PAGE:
Filling in boxes on a PowerPoint slide - is that what IBM is trying to do?
You’ve no doubt heard the news – IBM is buying SPSS for $1.2 billion. Industry pundits say IBM is rounding out its “Information On Demand” (IOD) portfolio. Meanwhile, did you read that IBM also announced an initiative called “Smart Analytics” Systems? This new series of BI (business intelligence) products combines software, hardware, storage and professional services.
But I have to wonder if these moves by IBM aren’t just attempts to glom together a bunch of software, hardware and services into some strategic vision that in practice turns out to be hard-to-use and holds virtually no advantage for customers.
I think it was last week at Tableau’s annual customer conference that I heard a customer say about this kind of situation, “It’s like these companies have a PowerPoint slide segmenting the market into little boxes. They then go buy companies so that every box is filled in. And therefore because every box is filled in, executive management can say to their Boards and shareholders, ‘we are the market leader because we have the #1 or #2 player in every segment.’” (BTW, brilliant customer who said that, please stand up and be noted.) How does that add up to a strategic vision designed to serve customers?
Tableau has always been focused on a strategic vision that serves customers. It’s really quite simple. It’s the vision CEO Christian Chabot related to me in our first conversation – “Tableau helps people answer questions with their data.” Director of Visual Analysis Jock Mackinlay puts it this way: “We help people see and understand their data.”
Last week in our second annual customer conference, we saw story after story from customers talking about how they can now easily and quickly answer questions with their data using Tableau. And this came from some very large customers with complicated BI systems (much like IBM’s products) already in-house. Customers like Apple, Experian, Barnes Jewish Hospital, and AOL. For example:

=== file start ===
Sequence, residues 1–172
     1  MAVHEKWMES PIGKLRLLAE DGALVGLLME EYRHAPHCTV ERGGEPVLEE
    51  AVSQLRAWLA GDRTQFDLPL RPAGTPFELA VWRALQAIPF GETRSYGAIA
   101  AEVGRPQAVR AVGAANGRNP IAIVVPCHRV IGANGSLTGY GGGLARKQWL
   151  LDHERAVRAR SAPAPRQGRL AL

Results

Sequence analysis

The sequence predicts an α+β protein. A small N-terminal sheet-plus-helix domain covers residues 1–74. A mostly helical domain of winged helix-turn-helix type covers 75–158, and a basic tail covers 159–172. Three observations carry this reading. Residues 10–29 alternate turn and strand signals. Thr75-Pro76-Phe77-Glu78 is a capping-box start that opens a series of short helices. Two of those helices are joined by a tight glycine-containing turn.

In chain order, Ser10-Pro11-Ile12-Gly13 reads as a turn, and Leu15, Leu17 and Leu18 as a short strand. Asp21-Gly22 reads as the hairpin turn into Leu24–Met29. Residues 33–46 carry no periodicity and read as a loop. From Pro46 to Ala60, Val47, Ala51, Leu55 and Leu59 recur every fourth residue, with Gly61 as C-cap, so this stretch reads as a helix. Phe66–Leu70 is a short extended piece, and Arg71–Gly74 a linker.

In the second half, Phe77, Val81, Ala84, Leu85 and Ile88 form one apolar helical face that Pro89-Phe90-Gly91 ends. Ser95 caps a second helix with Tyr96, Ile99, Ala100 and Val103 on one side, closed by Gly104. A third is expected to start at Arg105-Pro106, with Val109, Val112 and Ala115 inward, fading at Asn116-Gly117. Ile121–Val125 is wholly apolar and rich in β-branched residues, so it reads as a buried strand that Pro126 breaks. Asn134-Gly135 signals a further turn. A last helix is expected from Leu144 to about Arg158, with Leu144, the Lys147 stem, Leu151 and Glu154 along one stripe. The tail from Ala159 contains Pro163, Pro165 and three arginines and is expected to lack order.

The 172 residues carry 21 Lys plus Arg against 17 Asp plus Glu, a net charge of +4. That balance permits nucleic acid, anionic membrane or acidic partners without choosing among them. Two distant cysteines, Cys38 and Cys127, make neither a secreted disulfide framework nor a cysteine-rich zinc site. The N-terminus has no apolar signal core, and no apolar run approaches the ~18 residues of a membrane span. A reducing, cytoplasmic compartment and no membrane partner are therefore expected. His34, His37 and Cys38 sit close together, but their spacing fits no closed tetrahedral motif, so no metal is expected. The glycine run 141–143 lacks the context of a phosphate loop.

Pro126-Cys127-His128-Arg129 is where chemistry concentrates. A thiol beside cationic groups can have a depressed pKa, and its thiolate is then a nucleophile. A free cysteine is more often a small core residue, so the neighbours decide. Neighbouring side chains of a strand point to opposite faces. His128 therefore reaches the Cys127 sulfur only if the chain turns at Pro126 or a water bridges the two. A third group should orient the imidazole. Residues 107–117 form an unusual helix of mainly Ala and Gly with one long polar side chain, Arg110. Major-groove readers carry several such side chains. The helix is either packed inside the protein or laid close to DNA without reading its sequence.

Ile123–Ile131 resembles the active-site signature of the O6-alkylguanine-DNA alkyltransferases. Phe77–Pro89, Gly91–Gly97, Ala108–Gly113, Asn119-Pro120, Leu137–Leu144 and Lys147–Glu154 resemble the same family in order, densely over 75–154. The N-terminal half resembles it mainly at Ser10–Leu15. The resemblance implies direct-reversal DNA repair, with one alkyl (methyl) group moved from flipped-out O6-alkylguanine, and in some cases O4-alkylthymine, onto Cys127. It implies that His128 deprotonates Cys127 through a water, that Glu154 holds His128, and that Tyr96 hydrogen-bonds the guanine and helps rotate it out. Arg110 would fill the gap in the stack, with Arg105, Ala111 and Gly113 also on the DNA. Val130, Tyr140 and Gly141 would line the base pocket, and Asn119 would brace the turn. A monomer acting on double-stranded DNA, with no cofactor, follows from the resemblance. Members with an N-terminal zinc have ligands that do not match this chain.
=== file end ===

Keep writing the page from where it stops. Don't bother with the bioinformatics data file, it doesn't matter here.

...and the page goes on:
- Experian Automotive developed and launched a major initiative using Tableau Server to provide data to their customers. Experian customers use vehicle statistics to help them make better fact-based decisions about their business directives. Using Tableau Server, Experian took 2 days to develop the first demo-ready prototype, and had a production-ready version in 2 weeks - just in time for the national auto parts convention.
- AOL slices and dices through human capital metrics using Tableau Desktop to help them understand their employees better. AOL showed incredible insights – and their director of global workforce analytics said “Tableau let us live out the ideas we dreamt of doing.”
- Barnes Jewish hospital now manages labor hours more effectively than ever before with Tableau Server based dashboards. Previously, it was difficult to make the connection between budget overruns and staff who were clocking in early and clocking out late. With just 4 IT resources and in just 70 days using Tableau Server, their team was able to integrate data from disparate sources and create something they call a staffing board. Now, the chief nursing executive and her teams can adjust staffing levels in real-time using data throughout the day. They’ve cut in half the amount of overtime paid. In fact, they’ve never gone over budget with staffing since implementing Tableau.
The common thread? Fast, easy and driven by the business users. Our customers are getting the benefits of rapid-fire business intelligence.
Filling out more boxes about segments covered and markets served by some mega-vendor is hardly a win for customers. In the end, what matters about strategic decisions is what customers can make of it.